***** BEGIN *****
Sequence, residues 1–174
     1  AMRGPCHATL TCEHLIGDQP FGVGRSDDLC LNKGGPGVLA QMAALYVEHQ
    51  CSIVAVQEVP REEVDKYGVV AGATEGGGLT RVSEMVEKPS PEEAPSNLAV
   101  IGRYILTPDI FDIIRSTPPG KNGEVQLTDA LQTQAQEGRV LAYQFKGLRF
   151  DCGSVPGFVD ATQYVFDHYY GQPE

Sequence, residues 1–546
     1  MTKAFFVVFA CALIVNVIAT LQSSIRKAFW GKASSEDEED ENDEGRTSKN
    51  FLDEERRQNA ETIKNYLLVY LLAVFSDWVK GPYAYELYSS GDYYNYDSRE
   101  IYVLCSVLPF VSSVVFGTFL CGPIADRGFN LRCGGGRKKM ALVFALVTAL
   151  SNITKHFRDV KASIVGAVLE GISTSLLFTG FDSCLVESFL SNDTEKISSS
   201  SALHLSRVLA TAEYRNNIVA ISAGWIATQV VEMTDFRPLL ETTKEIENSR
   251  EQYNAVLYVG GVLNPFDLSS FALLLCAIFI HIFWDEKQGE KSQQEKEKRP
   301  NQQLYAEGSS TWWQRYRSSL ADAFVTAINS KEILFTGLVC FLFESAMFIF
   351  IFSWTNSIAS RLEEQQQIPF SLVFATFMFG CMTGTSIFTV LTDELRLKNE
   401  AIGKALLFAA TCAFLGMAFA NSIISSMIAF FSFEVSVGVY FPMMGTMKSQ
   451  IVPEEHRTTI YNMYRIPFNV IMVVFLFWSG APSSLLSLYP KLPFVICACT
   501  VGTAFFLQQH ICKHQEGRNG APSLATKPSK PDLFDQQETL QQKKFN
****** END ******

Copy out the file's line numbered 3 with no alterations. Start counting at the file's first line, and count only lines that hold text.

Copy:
    51  CSIVAVQEVP REEVDKYGVV AGATEGGGLT RVSEMVEKPS PEEAPSNLAV